Lightweight: 50% of old-standard weight. Applies a +1 modifier to motive system critical hit rolls for WiGEs/Hovers/Subs, and VTOLs with LW rotors take (damage)/5 damage to the rotor instead of (damage)/10. Increases C-Bill cost of controls by 5x.

Control Systems
Control systems include the wheels, tracks, rollers, and steering mechanisms and come in standard, heavy-duty, and lightweight varieties. Combat vehicles commonly use the standard control systems as it has a good balance of weight, cost, and durability.

Standard Controls:No special rules, just follows standard construction rules.

Heavy-Duty:Weighs 50% more than Standard Controls. -1 modifier to motive system critical hit rolls. Increases control costs by 50%. For VTOLs, they can ignore the 1st hit against their rotor if it would deal only 1 point of damage without the associated -1 MP and +1 piloting malus from rotor damage, and critical hits against the rotor get a -1 modifier.

Lightweight:Weighs half that of Standard Controls. +1 modifier to motive system critical hit rolls. Increases control costs by 50%. For VTOLs, critical hit against the rotor get a +1 modifier.


These optional rules change the way vehicles work slightly. In effect, these rules substantially strengthen vehicles from the front arc by drastically reducing the chance of crits & motive crits from the front arc to nearly the level of a Battlemech, while increasing these chances on the side and rear arcs to be relatively more vulnerable (roughly Tac Ops Vehicle Effectiveness levels), making facing more relevant which is somewhat lost in Tac Ops's vehicle effectiveness rules. For instance, a vehicle under these rules is 2x more likely to sustain a regular critical hit and more than 4x more likely to sustain a motive critical hit when attacked from the side, and a motive critical hit from the side is more likely to do actual damage from the side than from the front.

None, one or all of these rules can be used if so desired.

Vehicular Floating Critical Hits & Modified Critical Effectiveness
-When rolling to-hit, a result of 2 from the front/rear arc, or the result of 2 & 12 from the side arc results in a critical hit.
-Roll again to find where the attack hits and the critical hit lands, and then roll on the critical hits table for the side that is hit.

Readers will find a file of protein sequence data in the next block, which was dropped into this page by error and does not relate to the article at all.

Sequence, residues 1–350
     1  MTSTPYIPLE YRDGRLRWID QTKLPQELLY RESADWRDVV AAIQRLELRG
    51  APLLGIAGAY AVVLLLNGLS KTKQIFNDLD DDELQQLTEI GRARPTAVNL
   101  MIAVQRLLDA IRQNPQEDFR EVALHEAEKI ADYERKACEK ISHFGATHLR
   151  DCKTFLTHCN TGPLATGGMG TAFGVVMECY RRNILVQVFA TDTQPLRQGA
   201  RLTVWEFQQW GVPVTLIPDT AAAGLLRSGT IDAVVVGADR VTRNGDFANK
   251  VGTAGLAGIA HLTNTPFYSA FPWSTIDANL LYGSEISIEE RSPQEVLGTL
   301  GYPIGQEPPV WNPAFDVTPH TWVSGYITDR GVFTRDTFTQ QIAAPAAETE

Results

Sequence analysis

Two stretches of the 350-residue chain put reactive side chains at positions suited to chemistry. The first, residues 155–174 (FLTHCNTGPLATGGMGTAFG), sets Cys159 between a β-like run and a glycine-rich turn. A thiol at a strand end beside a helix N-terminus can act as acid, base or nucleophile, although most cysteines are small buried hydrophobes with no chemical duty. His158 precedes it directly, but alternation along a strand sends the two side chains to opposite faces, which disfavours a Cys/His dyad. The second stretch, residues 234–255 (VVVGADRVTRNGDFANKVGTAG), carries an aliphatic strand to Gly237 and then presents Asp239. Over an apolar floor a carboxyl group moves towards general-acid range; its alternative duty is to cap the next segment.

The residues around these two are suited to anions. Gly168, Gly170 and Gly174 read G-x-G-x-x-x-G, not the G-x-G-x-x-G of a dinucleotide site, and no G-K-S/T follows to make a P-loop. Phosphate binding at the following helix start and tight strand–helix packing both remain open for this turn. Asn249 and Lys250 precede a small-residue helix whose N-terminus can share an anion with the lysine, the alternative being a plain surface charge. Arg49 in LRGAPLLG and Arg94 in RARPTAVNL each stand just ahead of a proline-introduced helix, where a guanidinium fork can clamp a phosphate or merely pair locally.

Battlemech-style Critical Hit Determination for Vehicles
-When a critical hit is rolled, first roll on the Advanced Determining Critical Hits Table (modified by the damage value of the attack or direct/glancing blows, depending on the alternative rules chosen)
-This roll determines how many times the vehicle should roll for a critical hit on the vehicle critical hits location table
-If the roll ends up as a "head/limb blown off" on the table, this will translate to an automatic critical hit roll of 12 for the vehicle on whatever side was hit, in addition to the rest of the rolls
-For simplicity's sake one may wish to follow the usual and simpler Determining Critical Hits Table. Follow a similar procedure.

Expanded Critical Effects for Vehicles
-The "weapon destroyed" and "weapon malfunction" slots on the critical hit table are treated as "weapon hit" slots instead.
-On rolling these and determining the crit weapon, roll on the Battlemech expanded table as per their rules starting on pg.75 Tac Ops
-If the crit rolled was a "weapon destroyed" crit, roll twice and add +1 to each roll in addition to any modifiers by glancing/direct blows or the critical weapon's damage.
-Use the Battlemech critical slots value of a weapon to determine the "durability" of the weapon since vehicles don't have proper critical space themselves. Ex: a PPC has 3 crits on a Battlemech. It would be destroyed on the 2nd critical hit to the slot (>50% critical damage results in destruction).

Modified Motive System Crit Rules for Vehicles
-Use the standard TW Ground Vehicle Hit Location table as a starting point for determining motive crit chances.
-Remove the motive chance on a 9 from all locations
-Remove the motive chance on a 4 & 5 from the front location
-Remove the motive chance on a 5 from the rear location

Modified Motive System Damage Table
Roll* Effect**
5- None
6-7 +1 driving skill modifier
8-9 -1 Cruise MP, +1 driving skill modifier
10-11 -2 Cruise MP, +1 driving skill modifier
12 -3 Cruise MP, +1 driving skill modifier
13 -4 Cruise MP, +1 driving skill modifier
14 -5 Cruise MP, +1 driving skill modifier
15+ Unit Immobile

*Roll is modified by glancing/direct blows and damage value as per Tac Ops rule sets, if in use. Roll is NOT modified by Hardened Armor. Certain weapons (ex: mines) may have additional modifiers under certain rules.
**Driving skill modifier is cumulative. The MP penalty is not. (use the harshest penalty rolled thus far)

Attack Direction Modifier:
Front -2
Rear -1

Vehicle Type Modifier:
Tracked, Naval -1